"World cinema is simply the cinema of the world. It has no centre. It is not the other, but it is us. It has no beginning and no end, but is a global process. World cinema, as the world itself, is circulation.
World cinema is not a discipline, but a method, a way of cutting across ﬁlm history according to waves of relevant ﬁlms and movements, thus creating ﬂexible geographies.
As a positive, inclusive, democratic concept, world cinema allows all sorts of theoretical approaches, provided they are not based on the binary perspective."
A recent graduate, Cori Heyman is a writer for Film Autonomy. She interned with Loquat Films on the production of Famous Nathan, a documentary which made its debut at the 2014 Tribeca Film Festival. At Clemson, Cori researched the history of rural movie houses while working with Dr. Burns and studied World Cinema with Dr. Skrodzka and Dr. Palmer.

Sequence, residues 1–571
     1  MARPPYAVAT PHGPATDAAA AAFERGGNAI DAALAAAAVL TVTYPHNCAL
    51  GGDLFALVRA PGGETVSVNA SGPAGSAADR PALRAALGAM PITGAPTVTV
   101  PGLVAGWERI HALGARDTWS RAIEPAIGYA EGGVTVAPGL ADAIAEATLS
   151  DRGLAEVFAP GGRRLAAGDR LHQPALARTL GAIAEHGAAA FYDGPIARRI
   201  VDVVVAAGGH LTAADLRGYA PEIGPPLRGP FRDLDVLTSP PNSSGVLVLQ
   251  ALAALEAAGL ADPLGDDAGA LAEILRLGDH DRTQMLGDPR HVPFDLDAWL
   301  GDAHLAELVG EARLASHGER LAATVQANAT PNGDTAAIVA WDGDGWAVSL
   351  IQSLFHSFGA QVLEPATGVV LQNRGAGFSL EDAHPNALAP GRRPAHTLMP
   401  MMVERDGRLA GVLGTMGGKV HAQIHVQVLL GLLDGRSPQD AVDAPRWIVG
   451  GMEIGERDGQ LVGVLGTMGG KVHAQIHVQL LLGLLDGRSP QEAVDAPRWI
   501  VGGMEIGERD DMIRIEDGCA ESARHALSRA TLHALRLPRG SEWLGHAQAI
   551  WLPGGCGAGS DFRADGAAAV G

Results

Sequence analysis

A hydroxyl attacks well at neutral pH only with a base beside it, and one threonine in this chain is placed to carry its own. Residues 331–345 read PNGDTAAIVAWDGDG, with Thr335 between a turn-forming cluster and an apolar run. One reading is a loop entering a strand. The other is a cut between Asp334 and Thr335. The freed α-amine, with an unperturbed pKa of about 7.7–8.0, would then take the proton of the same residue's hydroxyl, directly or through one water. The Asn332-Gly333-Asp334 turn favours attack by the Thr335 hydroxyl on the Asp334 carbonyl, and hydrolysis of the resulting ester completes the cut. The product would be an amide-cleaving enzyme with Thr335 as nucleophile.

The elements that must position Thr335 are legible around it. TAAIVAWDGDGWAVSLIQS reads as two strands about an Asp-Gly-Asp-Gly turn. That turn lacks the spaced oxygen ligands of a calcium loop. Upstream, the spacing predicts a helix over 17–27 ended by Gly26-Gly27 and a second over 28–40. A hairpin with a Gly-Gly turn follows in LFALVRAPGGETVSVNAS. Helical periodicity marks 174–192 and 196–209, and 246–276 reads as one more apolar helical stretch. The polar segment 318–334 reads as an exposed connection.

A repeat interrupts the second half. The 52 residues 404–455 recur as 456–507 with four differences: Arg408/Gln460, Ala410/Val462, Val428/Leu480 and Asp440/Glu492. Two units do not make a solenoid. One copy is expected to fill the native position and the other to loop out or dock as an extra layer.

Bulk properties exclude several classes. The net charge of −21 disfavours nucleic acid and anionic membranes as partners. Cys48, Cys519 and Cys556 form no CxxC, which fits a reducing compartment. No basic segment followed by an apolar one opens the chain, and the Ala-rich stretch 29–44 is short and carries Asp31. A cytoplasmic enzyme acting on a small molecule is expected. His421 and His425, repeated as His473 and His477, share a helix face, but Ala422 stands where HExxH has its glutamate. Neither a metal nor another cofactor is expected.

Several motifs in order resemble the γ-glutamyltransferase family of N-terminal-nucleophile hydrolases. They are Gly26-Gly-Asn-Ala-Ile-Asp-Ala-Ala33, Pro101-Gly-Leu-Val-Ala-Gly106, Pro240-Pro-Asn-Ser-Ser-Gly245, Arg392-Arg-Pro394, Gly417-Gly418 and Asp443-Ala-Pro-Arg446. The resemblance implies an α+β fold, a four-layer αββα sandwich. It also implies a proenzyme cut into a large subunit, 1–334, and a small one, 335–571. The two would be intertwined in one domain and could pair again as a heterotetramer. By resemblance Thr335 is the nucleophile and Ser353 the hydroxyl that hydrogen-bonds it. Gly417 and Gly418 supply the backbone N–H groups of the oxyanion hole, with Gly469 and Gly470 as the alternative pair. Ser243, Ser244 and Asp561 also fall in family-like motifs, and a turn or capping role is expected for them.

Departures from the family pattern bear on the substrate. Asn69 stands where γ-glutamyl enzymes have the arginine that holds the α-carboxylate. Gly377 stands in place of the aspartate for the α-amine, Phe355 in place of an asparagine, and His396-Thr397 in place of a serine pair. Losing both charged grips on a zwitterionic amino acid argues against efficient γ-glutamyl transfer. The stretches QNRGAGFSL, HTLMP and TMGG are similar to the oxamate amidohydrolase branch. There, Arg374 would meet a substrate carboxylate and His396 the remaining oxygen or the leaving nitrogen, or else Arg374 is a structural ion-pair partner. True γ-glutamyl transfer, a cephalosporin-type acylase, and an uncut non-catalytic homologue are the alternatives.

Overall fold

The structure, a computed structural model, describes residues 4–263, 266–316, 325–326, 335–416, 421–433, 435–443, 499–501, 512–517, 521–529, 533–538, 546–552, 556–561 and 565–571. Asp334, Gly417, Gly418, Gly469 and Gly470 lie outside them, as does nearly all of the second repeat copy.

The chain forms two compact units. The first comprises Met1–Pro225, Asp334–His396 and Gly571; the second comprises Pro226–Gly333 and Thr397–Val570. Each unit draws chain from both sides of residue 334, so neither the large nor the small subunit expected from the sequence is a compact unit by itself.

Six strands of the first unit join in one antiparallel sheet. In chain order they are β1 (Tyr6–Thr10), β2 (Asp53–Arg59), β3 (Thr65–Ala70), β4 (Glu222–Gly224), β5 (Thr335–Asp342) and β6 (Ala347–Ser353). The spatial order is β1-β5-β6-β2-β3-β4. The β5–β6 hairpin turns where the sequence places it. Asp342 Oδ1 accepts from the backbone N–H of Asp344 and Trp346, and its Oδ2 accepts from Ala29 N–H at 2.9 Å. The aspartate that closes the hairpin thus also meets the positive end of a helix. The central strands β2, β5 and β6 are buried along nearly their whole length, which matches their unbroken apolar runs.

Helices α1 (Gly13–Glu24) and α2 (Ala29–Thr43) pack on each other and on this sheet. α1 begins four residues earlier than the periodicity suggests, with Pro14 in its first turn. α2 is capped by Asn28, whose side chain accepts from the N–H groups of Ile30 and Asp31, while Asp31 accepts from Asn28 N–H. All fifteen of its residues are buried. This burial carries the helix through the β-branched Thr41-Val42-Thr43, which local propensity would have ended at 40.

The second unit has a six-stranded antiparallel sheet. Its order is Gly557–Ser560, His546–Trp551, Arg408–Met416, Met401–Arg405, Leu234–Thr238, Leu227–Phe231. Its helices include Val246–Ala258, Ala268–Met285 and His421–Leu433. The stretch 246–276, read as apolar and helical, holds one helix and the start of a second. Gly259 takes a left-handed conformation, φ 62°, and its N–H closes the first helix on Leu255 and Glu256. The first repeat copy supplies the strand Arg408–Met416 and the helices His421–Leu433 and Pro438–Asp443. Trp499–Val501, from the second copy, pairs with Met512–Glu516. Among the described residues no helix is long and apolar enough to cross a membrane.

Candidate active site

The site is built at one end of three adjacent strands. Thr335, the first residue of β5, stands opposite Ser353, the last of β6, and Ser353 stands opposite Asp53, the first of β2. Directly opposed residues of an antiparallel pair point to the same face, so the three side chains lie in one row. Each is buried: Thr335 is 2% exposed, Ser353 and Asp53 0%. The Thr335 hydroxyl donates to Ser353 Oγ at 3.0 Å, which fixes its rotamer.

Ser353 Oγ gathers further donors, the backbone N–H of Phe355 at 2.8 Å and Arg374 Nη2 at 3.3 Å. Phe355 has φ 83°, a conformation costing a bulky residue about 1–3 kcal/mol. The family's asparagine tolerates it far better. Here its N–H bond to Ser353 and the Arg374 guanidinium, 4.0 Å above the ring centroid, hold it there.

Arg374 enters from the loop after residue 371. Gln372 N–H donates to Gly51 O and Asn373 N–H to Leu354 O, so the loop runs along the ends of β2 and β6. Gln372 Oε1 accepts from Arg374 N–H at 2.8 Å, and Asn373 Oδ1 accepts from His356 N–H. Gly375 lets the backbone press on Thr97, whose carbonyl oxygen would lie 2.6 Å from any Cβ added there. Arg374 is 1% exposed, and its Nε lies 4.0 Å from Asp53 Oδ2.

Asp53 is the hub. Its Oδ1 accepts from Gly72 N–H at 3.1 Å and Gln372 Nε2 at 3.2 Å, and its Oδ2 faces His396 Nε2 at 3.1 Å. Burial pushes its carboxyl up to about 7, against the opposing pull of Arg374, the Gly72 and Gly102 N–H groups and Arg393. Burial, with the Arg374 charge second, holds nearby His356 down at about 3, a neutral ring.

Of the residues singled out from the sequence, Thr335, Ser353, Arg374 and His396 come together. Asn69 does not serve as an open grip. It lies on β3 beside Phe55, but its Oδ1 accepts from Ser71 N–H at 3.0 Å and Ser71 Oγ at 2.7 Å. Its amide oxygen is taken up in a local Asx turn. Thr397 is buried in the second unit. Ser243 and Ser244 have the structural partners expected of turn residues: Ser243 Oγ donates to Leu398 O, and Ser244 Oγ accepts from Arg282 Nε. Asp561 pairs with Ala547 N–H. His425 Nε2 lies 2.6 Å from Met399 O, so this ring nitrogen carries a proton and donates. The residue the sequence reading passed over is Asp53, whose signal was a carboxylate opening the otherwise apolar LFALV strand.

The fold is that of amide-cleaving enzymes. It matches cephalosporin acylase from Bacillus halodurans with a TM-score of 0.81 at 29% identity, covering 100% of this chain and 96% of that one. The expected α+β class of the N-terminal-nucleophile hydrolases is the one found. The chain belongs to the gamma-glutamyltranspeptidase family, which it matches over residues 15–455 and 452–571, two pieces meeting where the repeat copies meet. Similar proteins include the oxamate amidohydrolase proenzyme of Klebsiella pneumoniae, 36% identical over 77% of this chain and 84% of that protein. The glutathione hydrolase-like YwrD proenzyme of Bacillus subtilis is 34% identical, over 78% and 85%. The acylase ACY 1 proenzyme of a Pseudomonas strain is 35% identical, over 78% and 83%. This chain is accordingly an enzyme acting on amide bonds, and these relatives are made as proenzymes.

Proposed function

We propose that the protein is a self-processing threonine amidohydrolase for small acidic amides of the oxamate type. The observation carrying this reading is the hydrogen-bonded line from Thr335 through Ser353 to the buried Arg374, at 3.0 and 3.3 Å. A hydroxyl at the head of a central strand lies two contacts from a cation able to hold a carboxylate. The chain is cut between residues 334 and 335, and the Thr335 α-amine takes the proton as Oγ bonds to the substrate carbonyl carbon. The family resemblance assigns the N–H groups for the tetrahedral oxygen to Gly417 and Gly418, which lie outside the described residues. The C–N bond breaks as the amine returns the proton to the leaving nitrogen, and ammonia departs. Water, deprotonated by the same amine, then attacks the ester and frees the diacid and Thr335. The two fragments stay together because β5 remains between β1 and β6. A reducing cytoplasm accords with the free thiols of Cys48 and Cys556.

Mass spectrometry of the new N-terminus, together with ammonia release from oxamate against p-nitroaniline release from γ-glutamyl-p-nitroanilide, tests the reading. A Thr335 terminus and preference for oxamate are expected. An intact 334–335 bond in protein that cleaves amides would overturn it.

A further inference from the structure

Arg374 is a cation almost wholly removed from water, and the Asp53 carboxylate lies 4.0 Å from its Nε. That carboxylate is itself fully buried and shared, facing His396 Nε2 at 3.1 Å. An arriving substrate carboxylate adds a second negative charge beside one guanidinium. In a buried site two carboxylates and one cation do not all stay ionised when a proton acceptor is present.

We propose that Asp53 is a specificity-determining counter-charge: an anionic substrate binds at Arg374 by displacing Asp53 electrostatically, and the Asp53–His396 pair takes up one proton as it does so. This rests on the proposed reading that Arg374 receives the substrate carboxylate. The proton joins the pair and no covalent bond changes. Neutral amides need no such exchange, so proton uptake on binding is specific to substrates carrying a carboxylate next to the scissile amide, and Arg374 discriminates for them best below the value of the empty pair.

An Associate Professor of Philosophy, Christopher Grau has published numerous articles that explore ethical and aesthetic issues in film. He is also the editor of three books on philosophy and film. The most recent, Understanding Love: Philosophy, Film, and Fiction is coedited with Susan Wolf and published by Oxford University Press.